PORTLAND — It wheezes and the pipes are a little weak, but what else would you expect at 98 years old?

The Kotzschmar organ is in need of an overhaul and the organization that supports the operation of the huge instrument hopes to start the $2.5 million job right after it turns 100.

“It’s a survivor,” said Kathleen Grammer, executive director of Friends of the Kotzschmar Organ, which has been housed in Portland City Hall’s auditorium since 1912.

The Portland City Council will vote next month on floating a $1.5 million bond for the job, with $1.25 million for the organ and $250,000 for some upgraded light and sound equipment for Merrill Auditorium. The city’s money will come from continuation of a $2 per ticket surcharge, which has been used to pay off part of the cost of the renovation of the hall, which was completed 15 years ago.

The friends group plans to announce details of a fundraising effort for its share of the cost of the overhaul next month, Grammer said.

The organ will continue to be in use up to its 100th anniversary on Aug. 22, 2012, Grammer said, and then be out of commission for 18 months for repairs.

Grammer said the only other municipal organ in the country is in Balboa Park in San Diego. She said most large pipe organs get a thorough overhaul every 40 to 50 years, but the Kotzschmar has never had one. It was, however, moved a couple of times to accommodate the auditorium renovation, and that created or exacerbated problems.

The wind chest, a box-like structure that sits under the pipes and forces air through them, has developed leaks, she said, that can no longer be patched over.

“It’s like having a hole in your lung — you don’t breathe as well and your vocal chords don’t work as well,” she said.

Listeners, she said, can probably detect a wind-like sound when the organ is being played, a sign that the leaks are serious.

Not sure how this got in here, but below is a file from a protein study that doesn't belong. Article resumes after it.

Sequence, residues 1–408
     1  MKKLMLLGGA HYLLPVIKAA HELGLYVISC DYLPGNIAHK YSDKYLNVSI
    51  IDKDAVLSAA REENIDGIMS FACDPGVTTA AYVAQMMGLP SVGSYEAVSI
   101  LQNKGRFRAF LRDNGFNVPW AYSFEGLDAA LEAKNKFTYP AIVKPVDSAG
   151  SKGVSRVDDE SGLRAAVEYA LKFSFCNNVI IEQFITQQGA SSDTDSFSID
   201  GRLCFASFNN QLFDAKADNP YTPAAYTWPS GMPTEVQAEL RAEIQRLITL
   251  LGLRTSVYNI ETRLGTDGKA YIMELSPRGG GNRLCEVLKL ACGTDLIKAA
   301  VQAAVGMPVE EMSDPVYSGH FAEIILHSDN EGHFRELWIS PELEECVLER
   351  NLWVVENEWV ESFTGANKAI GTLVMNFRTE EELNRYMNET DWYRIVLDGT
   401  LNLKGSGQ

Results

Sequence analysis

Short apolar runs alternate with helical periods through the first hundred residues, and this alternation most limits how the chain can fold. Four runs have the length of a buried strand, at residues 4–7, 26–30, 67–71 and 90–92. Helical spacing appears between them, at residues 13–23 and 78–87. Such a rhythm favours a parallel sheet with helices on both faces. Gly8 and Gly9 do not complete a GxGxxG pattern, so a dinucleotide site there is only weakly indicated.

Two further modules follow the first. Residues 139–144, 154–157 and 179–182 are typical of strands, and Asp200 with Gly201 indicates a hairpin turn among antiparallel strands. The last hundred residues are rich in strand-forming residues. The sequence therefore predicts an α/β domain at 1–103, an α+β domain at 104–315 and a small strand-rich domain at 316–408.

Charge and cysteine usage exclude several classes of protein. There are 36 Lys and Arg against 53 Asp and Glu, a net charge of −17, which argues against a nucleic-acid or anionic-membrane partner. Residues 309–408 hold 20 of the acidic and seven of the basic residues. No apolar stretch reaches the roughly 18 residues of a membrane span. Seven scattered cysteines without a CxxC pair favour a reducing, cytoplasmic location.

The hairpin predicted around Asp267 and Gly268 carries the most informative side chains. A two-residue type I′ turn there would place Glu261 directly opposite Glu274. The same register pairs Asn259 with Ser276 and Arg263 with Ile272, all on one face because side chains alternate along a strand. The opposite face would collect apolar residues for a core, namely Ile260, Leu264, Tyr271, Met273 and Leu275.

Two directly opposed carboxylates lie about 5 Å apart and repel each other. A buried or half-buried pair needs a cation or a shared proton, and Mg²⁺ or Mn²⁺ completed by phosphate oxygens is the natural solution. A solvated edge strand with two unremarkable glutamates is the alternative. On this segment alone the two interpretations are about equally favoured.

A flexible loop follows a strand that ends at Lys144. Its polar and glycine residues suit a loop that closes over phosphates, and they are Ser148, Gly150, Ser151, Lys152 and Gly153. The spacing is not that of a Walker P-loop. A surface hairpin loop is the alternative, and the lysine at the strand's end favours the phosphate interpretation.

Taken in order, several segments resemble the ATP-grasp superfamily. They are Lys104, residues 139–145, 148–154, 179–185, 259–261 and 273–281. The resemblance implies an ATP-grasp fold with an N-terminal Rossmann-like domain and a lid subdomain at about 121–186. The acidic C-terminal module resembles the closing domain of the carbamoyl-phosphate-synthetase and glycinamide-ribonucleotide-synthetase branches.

Beyond that, many of the pipes are sagging due to metal fatigue, the slots that the pipes sit in need to be fixed and the pipes need to be thoroughly cleaned, Grammer said.

Councilor John Anton, whose Finance Committee recommended the bond and the allocation, said he supports the overhaul of the organ.

“The organ is a very special piece,” he said. “There’s only a few of these left in the country and it’s one of the centerpieces of Merrill.”

Grammer said the problems have made the organ “90 percent” playable, meaning organists have to be careful about which pieces they play, in order to avoid those that require using parts of the organ that aren’t completely operable. It’s comparable to playing a piano with a few dead keys, she said.

“It’s not sounding the way it’s supposed to sound,” she said.

The organ’s centennial, she added, is an appropriate time for work to be done to get the Kotzschmar sounding the way it did in 1912.

“It’s a historic landmark and a national icon,” and deserves to be restored to fully playable condition, Grammer said.

Staff Writer Edward D. Murphy can be contacted at 791-6465 or at:

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